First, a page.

: Hard Starting Warm - if not Pedal to the Metal

06-25-13, 11:43 AM
1993 northstar Engine is rebuilt except bottom part.

New Fuel Pressure Regulator.

Everything fine until after a few weeks when the car
after sitting warm an hour or two didn't start after
two Three trials. Then I pushed the accelerator which
made it start - this has been common after sitting warm
except for very short time

Any ideas?

06-25-13, 11:56 AM
"Pedal to the metal" during cranking is the "Clear Flood Mode". That disables the injectors. Hard hot starts are usually attributed to a leak FPR, but you said it was replaced. Assuming it was done correctly and the O rings are not leaking, I'd suspect a leaky fuel injector.

Manic Mechanic
06-25-13, 02:27 PM
Most common is a defunct or disconnected ECT (engine coolant temperature) Sensor. If the PCM sees the coolant temp as really low, as in -32*, it floods on crank. Putting the pedal down clears it as Ranger stated. If one injector was leaking it would cause a long crank immediate short term misfire on start-up. If one injector was stuck open you'd be luck to get it to start and run at all. The sensor is on the rear head or just below it in the block, drivers side. Look for a two wire connector below the electronic EGR valve on top and above the trans-axle bell-housing down low. The wire harness also grounds just behind it on. It's up in there, take a light and a mirror just in case.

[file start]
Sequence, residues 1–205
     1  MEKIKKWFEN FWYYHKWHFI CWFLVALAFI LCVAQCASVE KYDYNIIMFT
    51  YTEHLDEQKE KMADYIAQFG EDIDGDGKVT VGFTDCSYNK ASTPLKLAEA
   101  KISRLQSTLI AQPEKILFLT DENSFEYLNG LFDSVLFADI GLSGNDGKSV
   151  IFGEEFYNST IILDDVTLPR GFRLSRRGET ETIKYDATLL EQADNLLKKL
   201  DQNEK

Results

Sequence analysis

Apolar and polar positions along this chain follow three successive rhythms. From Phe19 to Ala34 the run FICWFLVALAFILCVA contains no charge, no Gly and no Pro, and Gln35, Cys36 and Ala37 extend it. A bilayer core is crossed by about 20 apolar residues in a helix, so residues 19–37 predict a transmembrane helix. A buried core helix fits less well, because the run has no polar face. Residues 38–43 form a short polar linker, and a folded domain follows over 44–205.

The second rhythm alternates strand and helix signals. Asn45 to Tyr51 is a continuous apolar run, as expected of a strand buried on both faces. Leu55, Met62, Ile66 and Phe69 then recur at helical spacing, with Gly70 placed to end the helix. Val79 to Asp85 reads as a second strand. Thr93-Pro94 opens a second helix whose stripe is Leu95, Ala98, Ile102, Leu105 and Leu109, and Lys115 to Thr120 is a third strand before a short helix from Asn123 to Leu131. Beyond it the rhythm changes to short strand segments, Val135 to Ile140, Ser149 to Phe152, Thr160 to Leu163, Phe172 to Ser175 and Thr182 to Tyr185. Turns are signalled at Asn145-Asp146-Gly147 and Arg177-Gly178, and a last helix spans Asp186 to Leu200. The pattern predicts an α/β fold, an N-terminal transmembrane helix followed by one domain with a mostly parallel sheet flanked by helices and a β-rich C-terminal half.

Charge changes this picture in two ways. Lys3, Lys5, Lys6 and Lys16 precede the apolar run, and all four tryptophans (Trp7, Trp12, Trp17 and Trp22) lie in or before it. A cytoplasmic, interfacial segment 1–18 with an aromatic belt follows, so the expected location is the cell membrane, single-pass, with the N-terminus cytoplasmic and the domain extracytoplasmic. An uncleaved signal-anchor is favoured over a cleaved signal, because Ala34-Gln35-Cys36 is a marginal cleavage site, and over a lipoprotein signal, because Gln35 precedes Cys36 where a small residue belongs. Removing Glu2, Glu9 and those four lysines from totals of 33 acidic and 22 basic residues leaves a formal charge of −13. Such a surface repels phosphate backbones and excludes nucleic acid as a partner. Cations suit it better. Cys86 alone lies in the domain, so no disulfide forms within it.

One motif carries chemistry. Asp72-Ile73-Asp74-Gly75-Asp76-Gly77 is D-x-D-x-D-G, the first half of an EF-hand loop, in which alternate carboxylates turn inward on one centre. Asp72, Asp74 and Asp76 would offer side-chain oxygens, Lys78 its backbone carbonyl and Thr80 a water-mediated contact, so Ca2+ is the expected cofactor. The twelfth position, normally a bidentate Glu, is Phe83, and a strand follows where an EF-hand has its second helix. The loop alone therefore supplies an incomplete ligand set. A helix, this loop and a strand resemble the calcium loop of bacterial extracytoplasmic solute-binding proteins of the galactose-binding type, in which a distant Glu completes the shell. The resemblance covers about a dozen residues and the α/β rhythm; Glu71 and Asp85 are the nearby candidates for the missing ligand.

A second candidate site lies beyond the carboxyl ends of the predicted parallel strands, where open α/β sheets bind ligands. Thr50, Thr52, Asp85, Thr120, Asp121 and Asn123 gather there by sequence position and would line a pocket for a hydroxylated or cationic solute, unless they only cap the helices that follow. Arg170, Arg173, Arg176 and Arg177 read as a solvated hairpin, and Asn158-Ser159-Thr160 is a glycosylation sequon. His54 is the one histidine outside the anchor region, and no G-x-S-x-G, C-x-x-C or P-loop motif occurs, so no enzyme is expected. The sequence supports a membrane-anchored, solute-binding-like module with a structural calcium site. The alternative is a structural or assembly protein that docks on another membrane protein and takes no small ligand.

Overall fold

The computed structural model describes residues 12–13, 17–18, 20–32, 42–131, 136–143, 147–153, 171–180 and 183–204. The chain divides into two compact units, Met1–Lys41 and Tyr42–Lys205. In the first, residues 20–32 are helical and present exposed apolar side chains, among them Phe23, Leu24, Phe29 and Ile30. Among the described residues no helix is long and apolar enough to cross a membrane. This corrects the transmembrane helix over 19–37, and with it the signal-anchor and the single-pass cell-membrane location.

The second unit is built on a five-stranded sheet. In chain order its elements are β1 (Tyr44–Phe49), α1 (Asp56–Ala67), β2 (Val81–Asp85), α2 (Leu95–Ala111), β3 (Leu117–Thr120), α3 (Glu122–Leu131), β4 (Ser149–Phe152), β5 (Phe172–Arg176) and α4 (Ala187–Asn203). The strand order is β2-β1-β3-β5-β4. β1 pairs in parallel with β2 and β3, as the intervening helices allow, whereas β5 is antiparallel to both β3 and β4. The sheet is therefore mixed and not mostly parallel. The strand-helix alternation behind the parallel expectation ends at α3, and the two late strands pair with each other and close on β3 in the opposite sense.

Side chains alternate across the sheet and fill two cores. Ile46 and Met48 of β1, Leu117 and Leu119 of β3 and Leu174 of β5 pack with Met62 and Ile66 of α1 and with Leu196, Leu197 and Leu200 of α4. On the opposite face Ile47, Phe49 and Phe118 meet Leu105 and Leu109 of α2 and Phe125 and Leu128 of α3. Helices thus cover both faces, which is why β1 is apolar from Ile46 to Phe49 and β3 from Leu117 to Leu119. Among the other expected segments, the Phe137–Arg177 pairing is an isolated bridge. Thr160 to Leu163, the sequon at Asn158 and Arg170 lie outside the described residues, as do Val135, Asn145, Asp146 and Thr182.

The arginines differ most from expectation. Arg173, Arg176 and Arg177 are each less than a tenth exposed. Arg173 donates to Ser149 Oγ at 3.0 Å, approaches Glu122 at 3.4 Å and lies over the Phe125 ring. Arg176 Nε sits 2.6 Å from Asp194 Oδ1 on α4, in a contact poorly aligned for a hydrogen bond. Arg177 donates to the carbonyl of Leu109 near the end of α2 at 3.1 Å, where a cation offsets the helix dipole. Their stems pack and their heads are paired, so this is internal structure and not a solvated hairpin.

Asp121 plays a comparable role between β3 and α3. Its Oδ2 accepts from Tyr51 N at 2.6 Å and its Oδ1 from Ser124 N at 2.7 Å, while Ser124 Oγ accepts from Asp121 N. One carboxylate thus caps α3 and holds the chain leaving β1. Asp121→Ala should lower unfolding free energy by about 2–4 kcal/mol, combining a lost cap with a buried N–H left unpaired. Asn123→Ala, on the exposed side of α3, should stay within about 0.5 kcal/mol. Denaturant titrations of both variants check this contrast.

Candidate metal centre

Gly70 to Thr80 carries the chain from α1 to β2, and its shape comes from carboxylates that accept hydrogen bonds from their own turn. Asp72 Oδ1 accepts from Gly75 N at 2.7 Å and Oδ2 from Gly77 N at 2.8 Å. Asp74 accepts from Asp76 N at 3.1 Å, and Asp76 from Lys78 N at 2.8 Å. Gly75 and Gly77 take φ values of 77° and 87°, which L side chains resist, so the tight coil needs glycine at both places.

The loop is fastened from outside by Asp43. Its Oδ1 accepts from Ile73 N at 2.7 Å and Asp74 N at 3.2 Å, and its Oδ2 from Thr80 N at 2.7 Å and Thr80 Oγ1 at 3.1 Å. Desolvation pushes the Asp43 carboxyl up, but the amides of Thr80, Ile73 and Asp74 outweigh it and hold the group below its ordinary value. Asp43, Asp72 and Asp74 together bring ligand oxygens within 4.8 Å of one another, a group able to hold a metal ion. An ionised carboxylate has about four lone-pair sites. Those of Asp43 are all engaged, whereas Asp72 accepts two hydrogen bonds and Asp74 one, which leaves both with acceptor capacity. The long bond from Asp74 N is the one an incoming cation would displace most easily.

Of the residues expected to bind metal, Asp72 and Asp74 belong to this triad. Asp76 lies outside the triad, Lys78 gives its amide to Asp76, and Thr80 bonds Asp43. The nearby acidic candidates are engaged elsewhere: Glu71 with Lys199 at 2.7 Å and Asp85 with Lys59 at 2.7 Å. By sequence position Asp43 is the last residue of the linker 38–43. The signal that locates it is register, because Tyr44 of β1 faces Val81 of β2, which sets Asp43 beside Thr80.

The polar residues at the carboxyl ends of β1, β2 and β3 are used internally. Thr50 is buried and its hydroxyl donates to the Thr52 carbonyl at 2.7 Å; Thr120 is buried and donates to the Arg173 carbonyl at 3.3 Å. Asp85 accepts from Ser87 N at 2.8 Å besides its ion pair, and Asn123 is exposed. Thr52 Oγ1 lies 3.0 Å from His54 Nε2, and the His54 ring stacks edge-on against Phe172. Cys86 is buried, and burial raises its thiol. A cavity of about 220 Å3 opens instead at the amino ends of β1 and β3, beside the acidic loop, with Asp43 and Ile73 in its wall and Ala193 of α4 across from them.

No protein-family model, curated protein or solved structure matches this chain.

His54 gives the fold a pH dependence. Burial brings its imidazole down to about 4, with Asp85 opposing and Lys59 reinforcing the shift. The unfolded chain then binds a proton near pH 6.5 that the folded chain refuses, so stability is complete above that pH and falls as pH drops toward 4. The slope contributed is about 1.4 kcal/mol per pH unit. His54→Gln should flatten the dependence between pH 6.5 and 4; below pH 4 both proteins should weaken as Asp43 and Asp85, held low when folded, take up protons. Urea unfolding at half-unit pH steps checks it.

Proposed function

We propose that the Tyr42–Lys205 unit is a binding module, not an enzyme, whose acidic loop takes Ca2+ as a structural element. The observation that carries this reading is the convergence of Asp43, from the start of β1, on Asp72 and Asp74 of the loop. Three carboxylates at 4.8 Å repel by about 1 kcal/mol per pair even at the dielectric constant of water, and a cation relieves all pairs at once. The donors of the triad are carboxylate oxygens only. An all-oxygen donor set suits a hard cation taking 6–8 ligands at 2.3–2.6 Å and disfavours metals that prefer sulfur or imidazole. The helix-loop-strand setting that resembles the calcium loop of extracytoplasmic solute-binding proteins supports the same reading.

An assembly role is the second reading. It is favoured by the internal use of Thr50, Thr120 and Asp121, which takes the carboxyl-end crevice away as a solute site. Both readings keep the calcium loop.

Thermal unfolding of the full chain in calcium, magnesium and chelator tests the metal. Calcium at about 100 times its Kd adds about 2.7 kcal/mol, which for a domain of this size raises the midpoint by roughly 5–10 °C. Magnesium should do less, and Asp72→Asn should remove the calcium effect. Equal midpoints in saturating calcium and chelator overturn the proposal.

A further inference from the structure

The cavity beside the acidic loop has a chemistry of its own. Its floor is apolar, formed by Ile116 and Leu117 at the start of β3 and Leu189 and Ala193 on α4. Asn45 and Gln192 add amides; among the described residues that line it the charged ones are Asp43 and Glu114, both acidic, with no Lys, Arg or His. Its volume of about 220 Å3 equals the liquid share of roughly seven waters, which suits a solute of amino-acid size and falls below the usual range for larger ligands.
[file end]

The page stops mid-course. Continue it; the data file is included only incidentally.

06-25-13, 03:24 PM
Vern, Correct me if I'm wrong, but isn't the ECT sensor monitored and shouldn't it set a DTC and trip the MIL if it failed?

06-26-13, 12:28 AM
Ho to check if leaking injector or pressure regulator?
(car is 1993 allante - where the Engine was taken out
and partly rebuilt (including heads) because of the
infamous northsar oil manifold leak)

06-26-13, 10:25 AM
See the Tech Tips section.

Manic Mechanic
06-26-13, 10:46 AM
What I've seen <in general> on the ECT sensor and code setting is that on the newer stuff it will set the code immediately if the signal suddenly makes a drastic change with the key on, it knows you can't go from 200* to -32* instantly. The engine will still flood and die at that moment. But if something happens when the PCM is shut down, as in this case it seems where it ran fine but then wouldn't re-start, there may not be a code until the engine has ran long enough to establish that the ECT should be higher. So say the system is down and the sensor or circuit develops an issue (due to thermal expansion, corrosion, physical, or whatever) and then the system is powered back up it hasn't been keeping time and assumes that it's a fresh restart at -32* when it's anything but. Fuel trim is maxxed out and it floods. Now if you can get it started and run it long enough usually a timer induced code will set a ECT code or thermostat code.